I think if we all look back at the beginning of the course when we took the Accidental Diminisher quiz, we didn’t believe that we were acting in any diminishing capacity; in fact, we may not have even been aware of the term accidental diminisher.
I believe we have something to learn about ourselves, don’t we Tylecia? After all, when being a successful leader we might consider practicing multiplier behaviors as part of our lifelong learning process, when and if appropriate.
Your comment is a most important one:
Leading like a multiplier matters to me, my organization, and the world at large. Leading like a multiplier helps me to bring out the best in me. It is clear that when you help other people grow, you also grow. It, therefore, matters to me because it helps me identify weak areas in my leadership practices and allows me to improve on them. This leadership matters to my organization because it encourages other people to grow. Therefore, as a multiplier, I help other people in the organization to grow and realize their full potential. When individual and team performance is improved, the entire organizational performance improves. (Cope, 2018 as cited in Westbrook, 2022)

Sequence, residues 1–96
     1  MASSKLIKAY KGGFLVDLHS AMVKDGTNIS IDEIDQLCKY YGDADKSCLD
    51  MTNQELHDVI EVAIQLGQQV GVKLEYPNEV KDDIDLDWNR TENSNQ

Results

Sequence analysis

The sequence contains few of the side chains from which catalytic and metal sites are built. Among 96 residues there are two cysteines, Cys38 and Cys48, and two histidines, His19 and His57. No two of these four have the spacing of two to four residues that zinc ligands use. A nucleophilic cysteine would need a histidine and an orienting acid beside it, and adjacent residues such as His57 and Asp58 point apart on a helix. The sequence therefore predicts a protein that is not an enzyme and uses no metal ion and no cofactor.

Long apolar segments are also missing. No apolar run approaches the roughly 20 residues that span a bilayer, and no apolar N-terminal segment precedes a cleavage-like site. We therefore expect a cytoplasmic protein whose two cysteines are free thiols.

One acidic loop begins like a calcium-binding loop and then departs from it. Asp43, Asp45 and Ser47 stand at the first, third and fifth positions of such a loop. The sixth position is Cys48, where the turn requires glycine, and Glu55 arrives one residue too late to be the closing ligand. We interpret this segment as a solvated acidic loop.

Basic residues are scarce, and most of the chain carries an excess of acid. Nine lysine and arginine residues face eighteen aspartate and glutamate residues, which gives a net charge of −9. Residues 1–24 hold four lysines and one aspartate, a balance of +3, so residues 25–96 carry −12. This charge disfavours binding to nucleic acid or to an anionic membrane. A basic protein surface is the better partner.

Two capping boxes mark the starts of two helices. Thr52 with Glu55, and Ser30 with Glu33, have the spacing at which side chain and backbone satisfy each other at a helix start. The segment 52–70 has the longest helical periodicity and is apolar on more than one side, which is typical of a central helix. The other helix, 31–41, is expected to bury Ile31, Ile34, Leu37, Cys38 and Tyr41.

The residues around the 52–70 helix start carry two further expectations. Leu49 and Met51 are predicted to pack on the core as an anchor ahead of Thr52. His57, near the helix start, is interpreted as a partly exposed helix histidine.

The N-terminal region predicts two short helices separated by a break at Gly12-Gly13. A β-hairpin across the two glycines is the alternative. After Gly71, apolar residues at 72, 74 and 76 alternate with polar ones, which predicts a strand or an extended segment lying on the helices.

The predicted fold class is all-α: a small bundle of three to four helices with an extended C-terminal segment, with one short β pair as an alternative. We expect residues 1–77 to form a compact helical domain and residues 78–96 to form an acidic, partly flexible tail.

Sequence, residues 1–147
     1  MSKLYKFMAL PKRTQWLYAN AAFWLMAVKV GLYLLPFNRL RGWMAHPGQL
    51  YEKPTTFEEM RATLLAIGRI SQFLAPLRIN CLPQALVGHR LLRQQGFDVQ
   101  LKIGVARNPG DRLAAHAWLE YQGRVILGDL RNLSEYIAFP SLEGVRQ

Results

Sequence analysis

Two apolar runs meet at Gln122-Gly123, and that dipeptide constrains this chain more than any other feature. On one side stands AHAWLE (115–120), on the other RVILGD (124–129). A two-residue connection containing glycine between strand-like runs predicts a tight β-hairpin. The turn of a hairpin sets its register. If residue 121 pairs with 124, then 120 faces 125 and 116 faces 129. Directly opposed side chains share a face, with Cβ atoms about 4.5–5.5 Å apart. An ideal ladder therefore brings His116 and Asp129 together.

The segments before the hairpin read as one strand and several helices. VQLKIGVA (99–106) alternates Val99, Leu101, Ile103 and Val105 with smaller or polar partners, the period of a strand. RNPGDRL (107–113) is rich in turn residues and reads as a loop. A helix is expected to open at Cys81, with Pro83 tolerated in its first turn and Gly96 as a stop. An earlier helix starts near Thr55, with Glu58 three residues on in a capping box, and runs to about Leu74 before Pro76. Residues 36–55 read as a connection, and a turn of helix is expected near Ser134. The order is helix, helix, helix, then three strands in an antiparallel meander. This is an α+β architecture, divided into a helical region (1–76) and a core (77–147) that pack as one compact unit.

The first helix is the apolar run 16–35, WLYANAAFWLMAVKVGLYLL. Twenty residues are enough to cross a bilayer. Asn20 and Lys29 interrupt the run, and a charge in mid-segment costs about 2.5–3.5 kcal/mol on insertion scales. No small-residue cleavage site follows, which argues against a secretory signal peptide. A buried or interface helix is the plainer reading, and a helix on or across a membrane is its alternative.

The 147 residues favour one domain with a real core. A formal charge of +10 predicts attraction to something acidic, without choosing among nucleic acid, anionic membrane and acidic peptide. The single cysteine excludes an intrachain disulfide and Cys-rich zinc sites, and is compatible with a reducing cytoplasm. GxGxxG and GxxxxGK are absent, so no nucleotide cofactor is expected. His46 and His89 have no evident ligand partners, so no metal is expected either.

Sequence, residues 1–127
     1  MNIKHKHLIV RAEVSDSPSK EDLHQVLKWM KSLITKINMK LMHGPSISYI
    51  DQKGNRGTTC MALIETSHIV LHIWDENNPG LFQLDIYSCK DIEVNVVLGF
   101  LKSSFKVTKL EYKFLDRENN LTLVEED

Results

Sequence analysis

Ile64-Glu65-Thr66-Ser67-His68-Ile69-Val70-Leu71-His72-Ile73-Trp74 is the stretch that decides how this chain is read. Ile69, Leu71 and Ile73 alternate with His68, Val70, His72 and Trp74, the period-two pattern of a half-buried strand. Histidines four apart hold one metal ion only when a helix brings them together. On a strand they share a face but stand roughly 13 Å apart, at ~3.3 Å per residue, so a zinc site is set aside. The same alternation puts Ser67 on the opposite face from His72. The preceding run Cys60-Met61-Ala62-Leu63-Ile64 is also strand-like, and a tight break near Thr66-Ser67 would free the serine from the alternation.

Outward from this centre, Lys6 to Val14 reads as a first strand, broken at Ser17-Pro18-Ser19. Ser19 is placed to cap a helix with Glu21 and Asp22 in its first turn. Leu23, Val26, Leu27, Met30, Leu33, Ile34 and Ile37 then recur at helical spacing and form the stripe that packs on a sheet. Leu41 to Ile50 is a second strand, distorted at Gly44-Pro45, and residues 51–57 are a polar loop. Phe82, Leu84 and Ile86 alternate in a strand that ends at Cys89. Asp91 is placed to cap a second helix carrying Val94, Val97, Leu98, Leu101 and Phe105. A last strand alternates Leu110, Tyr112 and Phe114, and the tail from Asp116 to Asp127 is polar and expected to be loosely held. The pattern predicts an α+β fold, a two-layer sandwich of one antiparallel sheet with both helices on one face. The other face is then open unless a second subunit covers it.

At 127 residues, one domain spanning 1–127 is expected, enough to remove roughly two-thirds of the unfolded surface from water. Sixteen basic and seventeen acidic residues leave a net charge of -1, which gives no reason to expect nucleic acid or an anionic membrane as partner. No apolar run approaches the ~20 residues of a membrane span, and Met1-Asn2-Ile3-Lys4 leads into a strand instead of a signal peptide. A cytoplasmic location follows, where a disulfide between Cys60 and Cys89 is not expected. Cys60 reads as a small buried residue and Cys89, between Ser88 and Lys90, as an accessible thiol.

Leading like multiplier should matter to all of us, our organizations and the world at large, because it is how we build up other people and enable others to grow and be successful. Success does not have to be limited to a single individual, any organization is only as good as their weakest employee, and it is important to build up everyone so that organization can reach its maximum potential. Giving these skills to others to pass on has the potential to create social change on a large scale and allows individuals to reach their full potential and know success at what they are doing, wouldn’t you agree Tylecia?
Cope, A. (2018). Leadership: the multiplier effect. John Murray.